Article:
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Kamikochi Makes A Case For Visiting The Japanese Alps In Summer

Kamikochi Makes A Case For Visiting The Japanese Alps In Summer

The Northern Japanese Alps are well on the radar of winter adventurers eager to chase deep powder and lengthy runs. But epic mountains are epic year-round and, when the snow begins to melt and the hiking season opens, alpine trails traversing some of Japan’s most beautiful scenery are revealed.

Kamikochi is nestled in the southern valley of the Chabu Sangaku National Park in the prefecture of Nagano, and it’s the ideal base for exploring the peaks. You can reach it in around 90 minutes via the nearby town of Matsumoto (take the train to Shimostima Station followed by a bus to Kamikochi), or in 100 minutes from the charming riverside town of Takayama (take the bus to Hirayu Onsen then change for Kamikochi). Matsumoto has connecting trains to Tokyo on the JR line; the journey takes around three-and-a-half hours.


Nobody said the Alps are easy access, but the remote mountain air is only half the appeal. The rest is below.

#1 Hiking In The Hida Ranges

Kamikochi village lies along the Azusa river at an elevation of around 1500m and, from there, the trails wind through ancient forest and up into the Hida Ranges.

Nestled below the jagged beauty of the Tsurione Ridge, Dekasawa Hut is an achievable single-day hike. Sitting at 2216m, The Hut has a kitchen, snack shop and a large wooden balcony from which to take in the valley vista.

The round trip takes around four hours – or more with regular Insta-stops – but please keep your eyes on the trail. While the walk isn’t difficult, sections of the hike traverse long scatterings of grey rocks, making it easy to trip and tumble.


If you’re tramping around Kamikochi in the early part of the hiking season (which opens on the first Sunday in June and runs until mid-November), Dakesawa Hut’s elevation may be as high as you can reach before snow interferes. The Kamikochi information centre at the bus terminal can advise at what point you’ll need crampons and other snow-proof gear.

For most of the season, you can climb much higher and a favourite (albeit difficult) among hikers is the three-day Kamikochi-Yari-Hotaka Circuit, which climbs the mountains of Yari-gatake (3180m) and Oku-Hataka-dake (3190m, and Japan’s third highest mountain) before descending back to Kamikochi village.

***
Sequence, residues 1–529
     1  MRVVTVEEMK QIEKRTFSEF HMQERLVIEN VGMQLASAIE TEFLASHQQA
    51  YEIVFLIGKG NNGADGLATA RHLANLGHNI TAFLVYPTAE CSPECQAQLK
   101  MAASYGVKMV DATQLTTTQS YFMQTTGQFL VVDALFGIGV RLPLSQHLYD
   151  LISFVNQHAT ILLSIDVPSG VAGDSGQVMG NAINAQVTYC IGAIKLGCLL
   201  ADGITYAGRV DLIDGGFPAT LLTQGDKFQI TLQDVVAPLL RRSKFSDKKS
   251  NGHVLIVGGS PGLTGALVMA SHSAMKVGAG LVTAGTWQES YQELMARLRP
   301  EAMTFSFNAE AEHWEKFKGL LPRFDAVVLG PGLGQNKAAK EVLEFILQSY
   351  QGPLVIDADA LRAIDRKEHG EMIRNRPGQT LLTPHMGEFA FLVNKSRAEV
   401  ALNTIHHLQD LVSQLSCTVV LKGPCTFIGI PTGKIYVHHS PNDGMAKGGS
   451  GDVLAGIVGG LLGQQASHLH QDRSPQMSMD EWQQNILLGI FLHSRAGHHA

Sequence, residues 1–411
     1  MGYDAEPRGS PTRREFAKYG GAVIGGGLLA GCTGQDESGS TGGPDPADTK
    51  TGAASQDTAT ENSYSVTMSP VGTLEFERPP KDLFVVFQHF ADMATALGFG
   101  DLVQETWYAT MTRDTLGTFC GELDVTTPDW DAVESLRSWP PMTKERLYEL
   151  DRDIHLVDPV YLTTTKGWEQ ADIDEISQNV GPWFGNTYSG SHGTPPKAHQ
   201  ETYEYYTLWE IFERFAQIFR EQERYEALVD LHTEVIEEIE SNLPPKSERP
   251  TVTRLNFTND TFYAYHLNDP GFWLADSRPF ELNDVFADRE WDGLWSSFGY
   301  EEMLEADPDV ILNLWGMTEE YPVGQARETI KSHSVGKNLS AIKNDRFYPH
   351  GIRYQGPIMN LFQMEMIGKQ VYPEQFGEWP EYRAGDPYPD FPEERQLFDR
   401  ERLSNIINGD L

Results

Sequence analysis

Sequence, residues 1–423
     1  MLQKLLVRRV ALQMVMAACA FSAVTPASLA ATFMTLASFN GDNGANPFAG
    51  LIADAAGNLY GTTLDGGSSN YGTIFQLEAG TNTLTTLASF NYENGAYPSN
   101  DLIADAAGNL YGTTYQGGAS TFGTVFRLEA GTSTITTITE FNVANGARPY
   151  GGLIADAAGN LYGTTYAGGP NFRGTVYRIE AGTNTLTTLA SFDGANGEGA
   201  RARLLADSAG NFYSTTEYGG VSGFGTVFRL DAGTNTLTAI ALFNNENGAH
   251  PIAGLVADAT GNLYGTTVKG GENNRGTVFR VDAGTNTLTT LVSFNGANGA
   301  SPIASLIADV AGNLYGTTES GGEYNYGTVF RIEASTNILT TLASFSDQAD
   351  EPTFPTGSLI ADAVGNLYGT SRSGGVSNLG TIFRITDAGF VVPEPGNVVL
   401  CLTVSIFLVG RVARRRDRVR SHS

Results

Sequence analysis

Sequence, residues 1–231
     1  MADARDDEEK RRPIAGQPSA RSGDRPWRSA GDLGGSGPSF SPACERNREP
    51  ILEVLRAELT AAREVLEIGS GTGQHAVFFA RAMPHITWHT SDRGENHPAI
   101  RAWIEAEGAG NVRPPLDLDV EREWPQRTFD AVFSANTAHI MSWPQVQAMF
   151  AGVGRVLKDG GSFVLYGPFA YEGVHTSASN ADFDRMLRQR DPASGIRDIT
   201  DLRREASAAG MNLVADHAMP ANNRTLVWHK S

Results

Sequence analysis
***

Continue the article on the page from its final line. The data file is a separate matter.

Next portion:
Entry into the park is free.

#2 Cheeky (Snow) Monkeys

Image: michael davis-burchat / Flickr

You know those ridiculously cute images of crimson-faced fluff monkeys kicking back in high mountain hot springs? They’re nicknamed Snow Monkeys, but those guys get summer, too.

When they’re done being the spa kings of the animal kingdom, Japanese Macaque monkeys swing around the forests that cover the area. You’d be unlucky to miss a glimpse of the cheeky primates during the summer season.


#3 Where Function And Folklore Meet

Kappa is a monster water sprite from Japanese folklore and bashi means bridge. The so-called Kappabashi wooden suspension bridge over the Azusa river is of spiritual importance to the Japanese people and is therefore busy with the day-trip crowd. In the early morning or late afternoon, however, you won’t have to lean over selfie-takers for your own little piece of polaroid envy.

The bridge offers killer views of the surrounding mountains, including the striking Mount Yakedake, an active volcano whose name literally translates to “burning mountain”.

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#4 A Room With A View

Staying in a ryokan (a traditional Japanese inn), complete with sliding doors, tatami mat floors, a low table for cross-legged dining and an on-site onsen (bath-house) is a quintessential Japanese experience. The Northern Japanese Alps have some great ryokans, so it’s worth indulging after a few days of hiking.

If you’re lucky, you can snag a mountain-view room, like at Hotel Shirabaso (starting from $257 per night) right next to Kappabashi.

Camping is a much more affordable way to wake up to glorious nature. There are a few campgrounds in Kamikochi, including the Konashidaira Camping Retreat for around $9 per person, per night, with an option to book a pre-erected tent for an additional $56. It also has a bath house with a $7 entry fee.

#5 Winding All The Way Down

Whether your trek lasts a few hours or a few days, follow the lead of the locals (and local monkeys), and kick back in a hot spring or public bath house to ease your aching muscles. If you’re having trouble relaxing, it could be because you’re required to get naked in the company of strangers as cozzies aren’t allowed. But you came here for the nature, didn’t you?

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(Images courtesy of Katie Mayor)

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